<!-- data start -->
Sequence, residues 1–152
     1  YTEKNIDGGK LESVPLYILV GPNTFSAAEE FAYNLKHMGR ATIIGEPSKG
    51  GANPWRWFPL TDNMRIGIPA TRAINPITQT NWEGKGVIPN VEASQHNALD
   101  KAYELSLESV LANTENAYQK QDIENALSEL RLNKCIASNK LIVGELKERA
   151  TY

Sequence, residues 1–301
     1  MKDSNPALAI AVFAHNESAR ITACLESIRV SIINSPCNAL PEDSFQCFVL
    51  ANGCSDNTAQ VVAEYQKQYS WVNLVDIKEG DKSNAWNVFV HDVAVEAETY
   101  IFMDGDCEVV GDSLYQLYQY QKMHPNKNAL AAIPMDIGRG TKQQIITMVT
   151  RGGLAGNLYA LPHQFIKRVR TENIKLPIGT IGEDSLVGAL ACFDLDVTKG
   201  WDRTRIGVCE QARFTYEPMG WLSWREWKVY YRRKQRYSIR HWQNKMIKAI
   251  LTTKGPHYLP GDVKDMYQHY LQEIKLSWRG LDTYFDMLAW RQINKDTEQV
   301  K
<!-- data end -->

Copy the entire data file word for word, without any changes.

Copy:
Sequence, residues 1–152
     1  YTEKNIDGGK LESVPLYILV GPNTFSAAEE FAYNLKHMGR ATIIGEPSKG
    51  GANPWRWFPL TDNMRIGIPA TRAINPITQT NWEGKGVIPN VEASQHNALD
   101  KAYELSLESV LANTENAYQK QDIENALSEL RLNKCIASNK LIVGELKERA
   151  TY

Sequence, residues 1–301
     1  MKDSNPALAI AVFAHNESAR ITACLESIRV SIINSPCNAL PEDSFQCFVL
    51  ANGCSDNTAQ VVAEYQKQYS WVNLVDIKEG DKSNAWNVFV HDVAVEAETY
   101  IFMDGDCEVV GDSLYQLYQY QKMHPNKNAL AAIPMDIGRG TKQQIITMVT
   151  RGGLAGNLYA LPHQFIKRVR TENIKLPIGT IGEDSLVGAL ACFDLDVTKG
   201  WDRTRIGVCE QARFTYEPMG WLSWREWKVY YRRKQRYSIR HWQNKMIKAI
   251  LTTKGPHYLP GDVKDMYQHY LQEIKLSWRG LDTYFDMLAW RQINKDTEQV
   301  K